FACT CHECK: Did The FBI Use Unusual Force When It Arrested Roger Stone?

In the predawn hours of Friday, Jan. 25, more than a dozen FBI agents raided Roger Stone's home in South Florida and took into custody one of President Trump's closest longtime confidants.

CNN showed the agents moving up the driveway with weapons and flashlights in footage that critics have said is shocking.

But was it unusual?

The short answer: No. Law enforcement agencies often conduct early morning arrests or raids with large numbers of officers and tactical equipment.

The long answer: Republicans, including President Trump, say the FBI took unusual steps in the Stone arrest and they want answers.

"I thought it was very unusual," said Trump, in an interview with The Daily Caller. The president added: "Many people know Roger, and Roger is not a person that they would have to worry about from that standpoint. And I thought it was sad to see it. Very sad."

Sen. Lindsey Graham, R-S.C., the chairman of the Senate Judiciary Committee, wrote to FBI Director Christopher Wray with a number of questions about the arrest, including whether it was similar in procedure to others with similar charges and why Stone wasn't allowed to just surrender voluntarily.

"Although I am sure these tactics would be standard procedure for the arrest of a violent offender, I have questions regarding their necessity in this case," Graham wrote.

Republicans House Members Jim Jordan, R-Ohio, and Mark Meadows, R-N.C., also wrote to Wray, as well as Deputy Attorney General Rod Rosenstein, and forwarded their letter to the Justice Department's inspector general.

Jordan and Meadows have spent much of the past two years criticizing aspects of the investigation being conducted by special counsel Robert Mueller, and they said the manner in which Stone's arrest was carried was "unsettling."

Stone himself has also been outspoken since the arrest, saying the FBI used "greater force" than was used in operations conducted on drug kingpin Joaquín "El Chapo" Guzmán and Osama Bin Laden.

The FBI and Justice Department so far haven't responded publicly to the questions raised by the president and GOP members of Congress.

CNN, meanwhile, did respond to questions about how it knew to position cameras outside Stone's house on the morning he was arrested. The network didn't get a tip, it says.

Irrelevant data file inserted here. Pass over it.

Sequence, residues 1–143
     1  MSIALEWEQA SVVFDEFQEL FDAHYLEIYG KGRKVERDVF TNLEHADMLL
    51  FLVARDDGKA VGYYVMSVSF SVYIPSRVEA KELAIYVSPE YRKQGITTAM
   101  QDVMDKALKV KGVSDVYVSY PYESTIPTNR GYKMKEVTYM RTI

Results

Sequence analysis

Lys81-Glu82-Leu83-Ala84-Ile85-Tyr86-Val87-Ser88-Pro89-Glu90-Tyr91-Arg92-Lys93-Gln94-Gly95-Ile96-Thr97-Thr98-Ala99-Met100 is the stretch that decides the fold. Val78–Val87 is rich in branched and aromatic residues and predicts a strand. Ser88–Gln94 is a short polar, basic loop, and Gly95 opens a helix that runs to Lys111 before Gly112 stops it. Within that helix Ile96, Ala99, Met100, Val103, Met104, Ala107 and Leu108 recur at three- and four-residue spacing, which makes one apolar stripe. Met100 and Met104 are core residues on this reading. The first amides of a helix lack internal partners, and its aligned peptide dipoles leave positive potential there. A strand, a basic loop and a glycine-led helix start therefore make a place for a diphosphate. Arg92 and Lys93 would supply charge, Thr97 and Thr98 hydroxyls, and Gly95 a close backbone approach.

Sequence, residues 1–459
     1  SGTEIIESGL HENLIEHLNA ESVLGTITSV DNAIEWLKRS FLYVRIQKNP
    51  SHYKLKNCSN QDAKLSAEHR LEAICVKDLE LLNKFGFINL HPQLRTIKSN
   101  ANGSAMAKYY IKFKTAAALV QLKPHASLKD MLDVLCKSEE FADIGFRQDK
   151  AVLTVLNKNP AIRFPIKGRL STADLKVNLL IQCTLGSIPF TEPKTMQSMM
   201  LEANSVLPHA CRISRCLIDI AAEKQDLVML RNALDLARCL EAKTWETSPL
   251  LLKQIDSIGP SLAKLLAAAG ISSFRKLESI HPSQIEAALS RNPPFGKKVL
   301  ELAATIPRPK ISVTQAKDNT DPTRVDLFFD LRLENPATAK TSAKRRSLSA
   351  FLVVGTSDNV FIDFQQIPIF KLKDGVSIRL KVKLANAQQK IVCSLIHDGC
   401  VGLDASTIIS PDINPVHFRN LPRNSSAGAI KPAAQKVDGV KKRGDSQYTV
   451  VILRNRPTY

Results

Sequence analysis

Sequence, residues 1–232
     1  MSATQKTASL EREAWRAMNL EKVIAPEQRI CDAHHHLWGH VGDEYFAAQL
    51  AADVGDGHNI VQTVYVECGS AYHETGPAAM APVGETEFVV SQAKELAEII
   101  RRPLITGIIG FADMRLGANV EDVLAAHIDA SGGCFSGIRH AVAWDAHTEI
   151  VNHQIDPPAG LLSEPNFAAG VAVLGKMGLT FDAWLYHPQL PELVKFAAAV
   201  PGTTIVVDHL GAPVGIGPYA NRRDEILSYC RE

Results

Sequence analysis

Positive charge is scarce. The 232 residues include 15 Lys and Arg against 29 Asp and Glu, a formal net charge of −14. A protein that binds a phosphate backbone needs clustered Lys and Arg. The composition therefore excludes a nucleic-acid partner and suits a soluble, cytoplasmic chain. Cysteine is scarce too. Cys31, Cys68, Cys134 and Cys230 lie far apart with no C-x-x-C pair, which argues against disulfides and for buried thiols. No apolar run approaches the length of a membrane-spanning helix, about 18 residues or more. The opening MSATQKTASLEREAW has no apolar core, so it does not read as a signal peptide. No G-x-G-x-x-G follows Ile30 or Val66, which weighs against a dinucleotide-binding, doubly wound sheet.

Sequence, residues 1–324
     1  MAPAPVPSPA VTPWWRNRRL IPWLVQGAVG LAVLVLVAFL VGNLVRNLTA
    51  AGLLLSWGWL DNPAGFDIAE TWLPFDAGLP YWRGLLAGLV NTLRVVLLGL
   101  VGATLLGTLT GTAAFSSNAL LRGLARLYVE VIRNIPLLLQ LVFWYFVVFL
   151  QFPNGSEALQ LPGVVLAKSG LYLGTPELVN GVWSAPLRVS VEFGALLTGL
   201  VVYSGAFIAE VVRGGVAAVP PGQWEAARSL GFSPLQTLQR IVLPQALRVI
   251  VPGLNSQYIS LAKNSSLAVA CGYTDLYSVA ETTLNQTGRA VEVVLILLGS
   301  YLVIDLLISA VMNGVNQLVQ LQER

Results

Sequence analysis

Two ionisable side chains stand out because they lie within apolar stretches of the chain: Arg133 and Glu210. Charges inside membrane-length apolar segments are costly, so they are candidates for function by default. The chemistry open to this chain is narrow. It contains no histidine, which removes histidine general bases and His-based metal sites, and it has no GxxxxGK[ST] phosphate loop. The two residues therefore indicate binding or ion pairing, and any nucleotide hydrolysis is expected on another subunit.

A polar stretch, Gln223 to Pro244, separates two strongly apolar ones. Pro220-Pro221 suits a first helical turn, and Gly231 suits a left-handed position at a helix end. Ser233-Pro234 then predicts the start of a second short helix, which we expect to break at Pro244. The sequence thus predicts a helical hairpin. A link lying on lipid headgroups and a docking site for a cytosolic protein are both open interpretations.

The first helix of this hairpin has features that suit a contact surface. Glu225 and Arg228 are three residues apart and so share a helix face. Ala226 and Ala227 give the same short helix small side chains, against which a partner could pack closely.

Its correspondents noticed that the grand jury that indicted Stone had met on an unusual day — Thursday, rather than Friday, as it normally does. That led the network to guess there could be an indictment unsealed shortly thereafter against someone involved in the Russia investigation, and one of the people it had been watching was Stone.


Michael German, a former FBI special agent and now a fellow with the Brennan Center for Justice, said Stone's comparisons to the other raids were "ridiculous," and that armed arrests of this nature seem to have become standard over the past 20 years.

"It's become much more commonplace to use either SWAT teams or tactically trained agents to do arrests across the board," German said.

Authorities must take many factors into consideration before they take someone into custody, he said.

"They have the responsibility to not only protect their agents, but the public at large and even the person they are arresting. Often the way to do that is with overwhelming force that would tend to dissuade any resistance."

A number of other legal experts and former law enforcement officials also have responded over the past week, to say Stone's arrest was not out of the ordinary, especially in a case in which prosecutors say they feared Stone might have tried to flee or destroy evidence.

"Was the FBI's show of force too heavy-handed, as has been alleged? Absolutely not," wrote James Gagliano, a former FBI agent, in a column for the Washington Examiner.

"In the FBI, we tend to defuse situations by removing the fight-or-flight inclination, via our overwhelming presence. To arrest one, we bring 10. For 10, we'll bring 100," he also explained.

Apart from the question about whether the procedures in Stone's arrest were uncommon, German said the question it has raised is a sound one: Has law enforcement in the United States become over-militarized?

"While it might be perfectly justifiable in this case based on what little we know, I would want to see Congress looking at this as a systemic issue," German told NPR.

He also said Stone may have contributed himself to the way the FBI planned his arrest by his bombastic remarks, which have included posing with weapons and "training" at a firing range in case of a "civil war."

"Part of the problem is, if you act crazy in public, you take the risk of people believing it," German said. "If you're saying things about resisting the government, then the government has to imagine that you might do that."

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